My Lords, the Department of Health recognises the importance of implementing this saving in ways that minimise any possible disruption to services. It is about to consult publicly on how best to do that, and on how best to monitor the impact on services.
I thank the Minister for that reply. In view of the very strong statements that we have had in recent weeks from the Prime Minister and the Secretary of State for Health—and indeed from the Minister himself from this Dispatch Box—about the importance of prevention to help the NHS cope with future demand, is it not extraordinarily short-sighted to impose reductions which inevitably will result in cuts to preventive services, such as contraceptive services, drug and alcohol services and weight reduction? Does this not absolutely undermine the Government’s objective of improving public health?
I shall give a short quote from the Prime Minister:
“when you look at the costs of obesity, smoking, alcohol and diabetes, we know we need a completely new approach to public health and preventable diseases. A real focus on healthy living. That’s why it’s at the heart of the plan”;
that is, the Five Year Forward View. We accept that prevention is extremely important. This reduction in spending is £200 million out of a grant for local authorities of £3.2 billion—a reduction of about 6%. Local authorities have demonstrated in many other areas an ability to extract savings. I am sure they will do the same in this case.
My Lords, I am not the only doctor to have expressed some reservations when the Health and Social Care Act decided to transfer funding for public health from the National Health Service to the local authorities. Do the Government now regret that decision in the light of the problems highlighted in the Question—particularly at a time when public health is facing enormous challenges, not least due to the obesity epidemic and the alarming increase in the incidence of type 2 diabetes?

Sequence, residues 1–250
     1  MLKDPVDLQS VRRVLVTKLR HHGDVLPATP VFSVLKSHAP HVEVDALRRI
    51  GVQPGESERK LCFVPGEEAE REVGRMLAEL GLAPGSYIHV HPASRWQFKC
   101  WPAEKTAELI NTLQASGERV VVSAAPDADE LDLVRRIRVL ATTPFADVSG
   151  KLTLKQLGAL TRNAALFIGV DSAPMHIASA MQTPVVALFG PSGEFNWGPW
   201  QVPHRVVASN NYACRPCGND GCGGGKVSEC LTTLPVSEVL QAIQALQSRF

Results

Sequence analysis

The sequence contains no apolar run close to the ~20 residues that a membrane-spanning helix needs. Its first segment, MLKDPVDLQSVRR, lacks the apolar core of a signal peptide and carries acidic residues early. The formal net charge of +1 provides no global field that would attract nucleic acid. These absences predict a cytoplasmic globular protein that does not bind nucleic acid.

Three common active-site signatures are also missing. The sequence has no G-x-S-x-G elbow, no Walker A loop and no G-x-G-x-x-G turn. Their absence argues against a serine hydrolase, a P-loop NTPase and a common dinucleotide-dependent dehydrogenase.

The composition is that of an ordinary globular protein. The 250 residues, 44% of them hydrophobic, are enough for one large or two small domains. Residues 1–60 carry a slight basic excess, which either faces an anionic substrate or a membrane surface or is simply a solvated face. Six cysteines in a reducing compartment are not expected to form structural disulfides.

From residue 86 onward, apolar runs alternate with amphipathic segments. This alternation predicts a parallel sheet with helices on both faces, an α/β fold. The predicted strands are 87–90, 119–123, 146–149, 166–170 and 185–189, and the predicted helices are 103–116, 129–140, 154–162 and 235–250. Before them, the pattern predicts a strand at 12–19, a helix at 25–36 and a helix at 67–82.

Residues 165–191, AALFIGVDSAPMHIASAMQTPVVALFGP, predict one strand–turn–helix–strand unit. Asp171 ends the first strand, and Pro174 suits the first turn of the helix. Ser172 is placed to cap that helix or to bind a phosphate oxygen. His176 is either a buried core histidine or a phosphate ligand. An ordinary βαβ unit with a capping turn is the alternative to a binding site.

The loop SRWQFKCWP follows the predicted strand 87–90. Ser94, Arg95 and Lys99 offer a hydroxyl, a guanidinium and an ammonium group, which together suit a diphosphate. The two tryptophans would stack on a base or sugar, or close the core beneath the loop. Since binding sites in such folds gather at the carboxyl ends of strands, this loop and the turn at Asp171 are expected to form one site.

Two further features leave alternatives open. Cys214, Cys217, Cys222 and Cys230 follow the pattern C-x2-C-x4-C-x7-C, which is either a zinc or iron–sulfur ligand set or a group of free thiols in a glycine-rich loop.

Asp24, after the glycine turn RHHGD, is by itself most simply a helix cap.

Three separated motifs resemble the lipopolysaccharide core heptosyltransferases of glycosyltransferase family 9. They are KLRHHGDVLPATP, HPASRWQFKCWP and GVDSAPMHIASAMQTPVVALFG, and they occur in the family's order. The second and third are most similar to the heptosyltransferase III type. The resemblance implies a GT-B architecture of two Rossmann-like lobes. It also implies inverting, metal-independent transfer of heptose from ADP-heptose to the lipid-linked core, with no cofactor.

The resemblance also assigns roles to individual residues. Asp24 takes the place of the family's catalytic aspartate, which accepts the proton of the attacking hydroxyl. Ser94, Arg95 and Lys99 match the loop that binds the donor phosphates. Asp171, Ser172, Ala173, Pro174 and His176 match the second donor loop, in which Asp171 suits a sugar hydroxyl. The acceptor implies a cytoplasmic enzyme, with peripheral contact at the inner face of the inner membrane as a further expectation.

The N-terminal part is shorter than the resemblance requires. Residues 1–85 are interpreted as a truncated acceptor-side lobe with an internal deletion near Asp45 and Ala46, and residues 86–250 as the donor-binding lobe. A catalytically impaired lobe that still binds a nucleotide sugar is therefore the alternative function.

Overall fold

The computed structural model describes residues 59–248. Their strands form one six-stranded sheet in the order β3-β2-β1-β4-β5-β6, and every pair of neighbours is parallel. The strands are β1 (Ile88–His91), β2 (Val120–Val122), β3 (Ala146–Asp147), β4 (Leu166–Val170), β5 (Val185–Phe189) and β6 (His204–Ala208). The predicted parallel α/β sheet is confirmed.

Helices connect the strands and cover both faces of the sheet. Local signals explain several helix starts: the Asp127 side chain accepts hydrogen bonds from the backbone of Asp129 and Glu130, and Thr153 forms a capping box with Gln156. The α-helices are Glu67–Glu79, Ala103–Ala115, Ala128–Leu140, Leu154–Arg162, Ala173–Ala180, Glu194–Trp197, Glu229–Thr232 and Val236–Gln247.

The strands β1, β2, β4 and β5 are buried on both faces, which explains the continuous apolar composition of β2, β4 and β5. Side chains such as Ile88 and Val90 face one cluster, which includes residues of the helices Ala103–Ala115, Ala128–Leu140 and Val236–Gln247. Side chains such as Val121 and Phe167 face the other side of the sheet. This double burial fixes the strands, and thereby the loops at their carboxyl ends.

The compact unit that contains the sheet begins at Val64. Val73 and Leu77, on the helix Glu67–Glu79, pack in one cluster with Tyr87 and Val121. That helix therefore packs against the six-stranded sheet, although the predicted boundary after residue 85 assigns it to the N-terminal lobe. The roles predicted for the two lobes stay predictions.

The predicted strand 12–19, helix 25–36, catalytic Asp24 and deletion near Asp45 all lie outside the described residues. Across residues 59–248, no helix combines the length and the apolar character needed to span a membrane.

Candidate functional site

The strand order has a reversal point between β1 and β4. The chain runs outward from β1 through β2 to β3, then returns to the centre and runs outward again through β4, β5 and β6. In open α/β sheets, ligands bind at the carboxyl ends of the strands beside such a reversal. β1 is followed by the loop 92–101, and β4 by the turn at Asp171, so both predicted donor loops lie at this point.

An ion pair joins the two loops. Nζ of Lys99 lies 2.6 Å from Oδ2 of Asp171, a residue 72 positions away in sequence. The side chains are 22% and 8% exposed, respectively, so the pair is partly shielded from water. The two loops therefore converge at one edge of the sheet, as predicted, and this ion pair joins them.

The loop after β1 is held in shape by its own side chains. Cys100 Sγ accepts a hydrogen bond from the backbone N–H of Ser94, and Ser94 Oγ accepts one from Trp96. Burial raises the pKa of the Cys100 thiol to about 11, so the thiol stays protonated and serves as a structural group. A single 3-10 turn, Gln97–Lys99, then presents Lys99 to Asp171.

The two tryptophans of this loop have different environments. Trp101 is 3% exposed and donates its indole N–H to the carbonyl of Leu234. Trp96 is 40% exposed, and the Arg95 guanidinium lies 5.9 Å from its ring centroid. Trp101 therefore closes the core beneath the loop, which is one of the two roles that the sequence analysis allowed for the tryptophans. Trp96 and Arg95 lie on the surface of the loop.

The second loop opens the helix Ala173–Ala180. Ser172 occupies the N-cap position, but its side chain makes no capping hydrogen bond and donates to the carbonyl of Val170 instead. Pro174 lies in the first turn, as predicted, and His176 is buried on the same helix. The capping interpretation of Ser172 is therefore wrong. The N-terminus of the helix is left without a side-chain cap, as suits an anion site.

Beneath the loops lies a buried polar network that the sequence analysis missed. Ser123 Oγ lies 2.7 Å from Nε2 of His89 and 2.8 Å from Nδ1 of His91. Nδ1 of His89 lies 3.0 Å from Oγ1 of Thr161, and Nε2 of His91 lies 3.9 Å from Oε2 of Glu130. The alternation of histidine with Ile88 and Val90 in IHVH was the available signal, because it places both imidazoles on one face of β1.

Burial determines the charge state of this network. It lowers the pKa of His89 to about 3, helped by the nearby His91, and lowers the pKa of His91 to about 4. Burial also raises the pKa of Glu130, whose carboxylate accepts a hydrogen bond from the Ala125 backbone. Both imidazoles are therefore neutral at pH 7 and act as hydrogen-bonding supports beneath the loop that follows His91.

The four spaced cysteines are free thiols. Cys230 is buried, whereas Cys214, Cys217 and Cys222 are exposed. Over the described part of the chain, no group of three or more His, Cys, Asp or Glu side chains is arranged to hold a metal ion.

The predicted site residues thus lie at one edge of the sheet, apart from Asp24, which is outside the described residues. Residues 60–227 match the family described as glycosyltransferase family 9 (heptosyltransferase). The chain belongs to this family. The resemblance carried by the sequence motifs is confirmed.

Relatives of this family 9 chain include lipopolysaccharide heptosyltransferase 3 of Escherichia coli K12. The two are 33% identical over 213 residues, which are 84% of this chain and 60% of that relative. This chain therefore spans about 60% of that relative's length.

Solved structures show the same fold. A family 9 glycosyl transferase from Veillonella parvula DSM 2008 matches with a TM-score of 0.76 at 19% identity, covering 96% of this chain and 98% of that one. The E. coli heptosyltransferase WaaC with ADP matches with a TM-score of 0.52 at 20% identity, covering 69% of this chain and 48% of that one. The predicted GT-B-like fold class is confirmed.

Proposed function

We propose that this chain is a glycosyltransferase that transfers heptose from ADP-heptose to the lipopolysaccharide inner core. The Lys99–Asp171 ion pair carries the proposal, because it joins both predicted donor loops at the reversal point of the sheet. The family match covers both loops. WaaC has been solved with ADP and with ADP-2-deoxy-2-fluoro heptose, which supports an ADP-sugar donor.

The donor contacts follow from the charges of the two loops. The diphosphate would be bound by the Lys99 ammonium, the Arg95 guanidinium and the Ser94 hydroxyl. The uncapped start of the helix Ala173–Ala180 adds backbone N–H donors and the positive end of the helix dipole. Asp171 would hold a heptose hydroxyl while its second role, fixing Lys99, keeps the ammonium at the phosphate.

My Lords, I am hesitant to disagree with the noble Lord in view of the fact that he told me earlier that he qualified as a doctor in 1945, which was nine years before I was born. However, the devolution of responsibility to local authorities has been fairly universally welcomed. They are better able to take into account local priorities. I should also add that just over £2 billion of the public health budget is held centrally as well.
My Lords, does the noble Lord not recognise that this Question goes much broader than just the confines of the issue that we are discussing? Local authorities have an effect on the environment, transport, housing, poverty and a whole range of social issues that absolutely affect public health. Until that is sorted out, this is going to be a major problem in this country.
My Lords, does the noble Lord accept the report from NICE, which showed that investment in public health improves not only the health of individuals but the economy? Can I tempt him to agree that cutting funding by as much as—I think—7.5% is counterproductive in trying to improve the nation’s health?
My Lords, health inequalities continue the gap in access to services and equity in our health services. The gap remains the same and has not become narrower between various socioeconomic groups, 20 years on. That means the rich, poor, black and indigenous white population. Exactly what is going to be done with part of the health prevention budget to try to reduce the gap?
A condition of the grant to local authorities is that they take on the responsibilities that the Secretary of State has under the Health and Social Care Act to reduce inequalities. As statutory bodies, local authorities have a duty under the Equality Act 2010 to provide equal opportunities for people with protected characteristics.
My Lords, just last month, the Secretary of State for Health told the Commons:
“The big change we need to see in the NHS over this Parliament is a move from a focus on cure to a focus on prevention”.—[Official Report, Commons, 2/6/15; col. 459.]
Two days later, on 4 June, the Chancellor announced a £200 million cut in the Budget. How joined up is that, and how is it justified?
Most people in this House will recognise that a strong and successful National Health Service depends on a strong and successful economy. Sometimes Governments have to take difficult decisions to improve the long-term strength of the economy, which is what we did in that case.